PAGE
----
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Old July 1 2013, 09:16 PM   #611
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Re: Roddenberry's Worst Ideas

Crazyewok wrote: View Post

But they wont work for free if they are paper clip pushers or doing a dirty smelly job or being a maid or butler for someone else. Especialy the last example who the hell is going to do a job or servitude for fun?

There has to be some incentive somewhere.
Sure, there are crappy jobs that have to be done. A lot of them, though, are probably automated in the 24th century. Notice what Picard says: "The economics of the future are somewhat different." and "The acquisition of wealth is no longer the driving force in our lives. ...We work to better ourselves ...and the rest of humanity."

They are not working to get rich; it's not necessary. That doesn't mean they're not receiving some kind of compensation for the jobs they do. Since only Earth is like this, non-Earth sponsored space travel and goods would need to be paid for. Vouchers or "credits" - as they called them in the Original Series - could be part of that. You want to live in a certain area? You like the mountains rather than the city? Well, as long as you work in your job, you get to keep that bigger property with the view. Everyone has a place to live, and you don't have to pay a mortgage, but if you want your dream home, you have to earn it. You have to contribute. Which leads us to --

"We work to better ourselves...and the rest of humanity." That last part is key. This is why we're not a bunch of lazy fat-asses watching the game and eating replicated Pork Rinds because we don't have to work. They work because they are contributing to humanity as a whole. The implication is that by the 24th century this philosophy will be the human mindset, that we are no longer selfish schmucks.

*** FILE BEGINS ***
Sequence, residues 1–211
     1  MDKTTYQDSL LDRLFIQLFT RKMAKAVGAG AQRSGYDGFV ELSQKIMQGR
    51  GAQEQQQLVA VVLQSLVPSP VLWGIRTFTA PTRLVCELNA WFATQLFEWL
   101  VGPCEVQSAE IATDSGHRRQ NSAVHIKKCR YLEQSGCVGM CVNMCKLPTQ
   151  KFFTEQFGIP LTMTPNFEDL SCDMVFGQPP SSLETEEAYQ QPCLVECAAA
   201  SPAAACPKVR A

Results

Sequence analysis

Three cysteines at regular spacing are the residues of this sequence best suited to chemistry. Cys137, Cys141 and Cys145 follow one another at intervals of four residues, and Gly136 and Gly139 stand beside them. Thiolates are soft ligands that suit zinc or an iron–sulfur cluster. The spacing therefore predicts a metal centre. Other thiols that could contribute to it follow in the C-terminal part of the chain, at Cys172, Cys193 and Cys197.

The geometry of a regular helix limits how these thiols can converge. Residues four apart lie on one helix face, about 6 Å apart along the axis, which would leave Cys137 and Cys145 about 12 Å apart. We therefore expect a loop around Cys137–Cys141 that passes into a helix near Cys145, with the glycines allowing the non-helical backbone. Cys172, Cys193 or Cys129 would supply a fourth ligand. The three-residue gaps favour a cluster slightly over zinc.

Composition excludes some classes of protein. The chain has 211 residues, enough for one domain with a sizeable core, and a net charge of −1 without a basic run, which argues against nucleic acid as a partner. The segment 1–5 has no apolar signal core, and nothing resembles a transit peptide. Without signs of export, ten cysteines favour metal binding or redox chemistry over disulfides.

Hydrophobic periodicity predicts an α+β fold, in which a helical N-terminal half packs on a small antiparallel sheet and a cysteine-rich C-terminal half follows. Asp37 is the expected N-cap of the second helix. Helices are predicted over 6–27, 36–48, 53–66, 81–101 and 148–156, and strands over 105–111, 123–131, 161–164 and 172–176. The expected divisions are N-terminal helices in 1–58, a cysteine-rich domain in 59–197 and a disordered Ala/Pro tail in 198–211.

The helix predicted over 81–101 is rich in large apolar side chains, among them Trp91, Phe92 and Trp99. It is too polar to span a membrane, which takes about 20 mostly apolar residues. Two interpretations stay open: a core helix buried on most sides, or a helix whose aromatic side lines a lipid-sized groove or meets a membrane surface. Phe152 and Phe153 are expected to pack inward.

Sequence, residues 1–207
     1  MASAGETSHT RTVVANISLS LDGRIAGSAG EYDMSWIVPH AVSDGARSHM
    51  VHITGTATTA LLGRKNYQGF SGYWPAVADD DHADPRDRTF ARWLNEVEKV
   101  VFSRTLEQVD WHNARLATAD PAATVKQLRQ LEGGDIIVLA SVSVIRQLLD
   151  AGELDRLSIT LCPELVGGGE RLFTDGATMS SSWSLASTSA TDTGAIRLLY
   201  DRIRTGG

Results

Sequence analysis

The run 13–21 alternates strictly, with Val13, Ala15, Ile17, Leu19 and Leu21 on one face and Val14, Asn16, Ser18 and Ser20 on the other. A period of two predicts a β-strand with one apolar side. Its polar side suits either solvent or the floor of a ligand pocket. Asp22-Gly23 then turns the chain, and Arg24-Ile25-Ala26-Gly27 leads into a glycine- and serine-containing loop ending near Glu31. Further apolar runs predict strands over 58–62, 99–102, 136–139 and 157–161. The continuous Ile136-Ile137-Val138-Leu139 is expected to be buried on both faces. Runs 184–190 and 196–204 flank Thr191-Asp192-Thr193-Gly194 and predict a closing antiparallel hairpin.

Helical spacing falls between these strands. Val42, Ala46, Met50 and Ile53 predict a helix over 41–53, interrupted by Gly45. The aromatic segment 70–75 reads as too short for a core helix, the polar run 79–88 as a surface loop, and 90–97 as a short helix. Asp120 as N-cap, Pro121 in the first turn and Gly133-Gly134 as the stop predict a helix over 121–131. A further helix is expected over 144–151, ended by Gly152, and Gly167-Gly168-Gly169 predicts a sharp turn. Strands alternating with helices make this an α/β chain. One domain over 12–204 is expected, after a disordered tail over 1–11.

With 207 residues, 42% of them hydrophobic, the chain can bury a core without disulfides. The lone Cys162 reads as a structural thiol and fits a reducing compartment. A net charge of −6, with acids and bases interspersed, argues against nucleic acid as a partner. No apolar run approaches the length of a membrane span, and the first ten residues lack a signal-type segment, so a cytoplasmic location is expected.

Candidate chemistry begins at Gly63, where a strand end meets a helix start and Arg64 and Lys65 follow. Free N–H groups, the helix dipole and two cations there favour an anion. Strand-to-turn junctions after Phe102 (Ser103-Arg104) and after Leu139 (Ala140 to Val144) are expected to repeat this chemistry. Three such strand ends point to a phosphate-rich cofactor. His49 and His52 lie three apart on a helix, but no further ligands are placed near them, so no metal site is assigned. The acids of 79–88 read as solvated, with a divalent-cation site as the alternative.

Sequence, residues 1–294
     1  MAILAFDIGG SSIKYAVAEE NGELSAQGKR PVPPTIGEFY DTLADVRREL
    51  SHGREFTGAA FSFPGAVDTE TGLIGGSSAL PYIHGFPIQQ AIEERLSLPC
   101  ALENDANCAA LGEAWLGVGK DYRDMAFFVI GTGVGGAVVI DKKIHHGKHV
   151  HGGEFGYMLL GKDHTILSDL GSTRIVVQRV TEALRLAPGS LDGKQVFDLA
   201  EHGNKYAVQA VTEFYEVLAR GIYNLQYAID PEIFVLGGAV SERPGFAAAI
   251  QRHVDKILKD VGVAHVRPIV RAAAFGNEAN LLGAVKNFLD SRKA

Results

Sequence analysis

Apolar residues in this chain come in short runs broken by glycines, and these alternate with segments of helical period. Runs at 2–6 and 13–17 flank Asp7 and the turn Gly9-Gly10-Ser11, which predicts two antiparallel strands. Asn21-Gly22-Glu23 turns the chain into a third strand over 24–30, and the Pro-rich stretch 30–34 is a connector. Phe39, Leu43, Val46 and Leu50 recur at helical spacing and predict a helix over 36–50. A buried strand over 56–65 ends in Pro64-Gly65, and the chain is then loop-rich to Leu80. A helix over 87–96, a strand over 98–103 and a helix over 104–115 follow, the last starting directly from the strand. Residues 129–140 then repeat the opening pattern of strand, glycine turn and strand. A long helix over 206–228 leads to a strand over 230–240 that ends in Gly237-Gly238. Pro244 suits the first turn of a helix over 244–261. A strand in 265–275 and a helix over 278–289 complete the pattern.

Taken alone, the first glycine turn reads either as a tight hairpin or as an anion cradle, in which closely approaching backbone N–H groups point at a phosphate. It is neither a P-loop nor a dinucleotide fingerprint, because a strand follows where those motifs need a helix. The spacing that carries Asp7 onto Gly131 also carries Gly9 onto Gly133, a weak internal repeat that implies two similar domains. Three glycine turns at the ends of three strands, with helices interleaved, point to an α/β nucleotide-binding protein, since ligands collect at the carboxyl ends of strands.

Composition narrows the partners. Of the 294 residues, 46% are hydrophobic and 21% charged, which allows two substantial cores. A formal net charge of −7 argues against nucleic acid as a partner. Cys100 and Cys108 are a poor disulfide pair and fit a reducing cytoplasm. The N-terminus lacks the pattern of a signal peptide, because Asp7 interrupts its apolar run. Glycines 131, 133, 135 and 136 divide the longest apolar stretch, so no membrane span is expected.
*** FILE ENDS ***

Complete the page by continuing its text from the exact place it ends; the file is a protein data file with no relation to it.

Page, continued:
Or maybe you get up out of bed and work in a less than exciting job because society requires that job to be filled. Sure, they're not earning money, but that doesn't mean people are not required to work. There would have to be a set of rules in place to ensure mankind doesn't pass out on the couch. Certain jobs have to be done and while everyone would have a choice, there would always be people who "don't know what they want to do when they grow up." You can't think of something to contribute? Then you have to pick a trade from a list of jobs. If you wind up really hating it, you can apply for another job, but you have to do something. You could work for rights, privileges or even levels of citizenship. Want to run for public office? No campaign money needed. Instead you work for points. What have you contributed to society? The more service you do, the more points you earn, allowing you to run for a higher position. Lots of other things besides money can be used to motivate people.

Window washing? Probably obsolete. Many cleaning services and stuff? Automated or maybe androids take care of it. Not every "picking up shit" job has to be done by leaving, breathing humans. Also consider that not everyone working today does "unpleasant" jobs because they "have" to. Many people choose that trade. Even if you can't imagine doing it yourself doesn't mean everyone feels that way. I couldn't possibly imagine crawling through filthy air ducts, breathing insulation and dust to repair industrial a/c units. However, my son does. He chose that trade and enjoys it. So maybe someone picked butler or maid because it was something on the list they felt they could do well. How many maids did we see in TNG? The one in the final episode? She served Data tea, but we don't know what else she did. Nobody said she cleaned toilets or dumped the litter box. For all we know she watched the place and kept the robot staff programmed. Or maybe her family lived in that house as caretakers for centuries. Tradition could play a big part in careers.

So, yeah, society without money and leaving it at that makes no sense. But it was always vague enough to allow the idea that something replaced currency.
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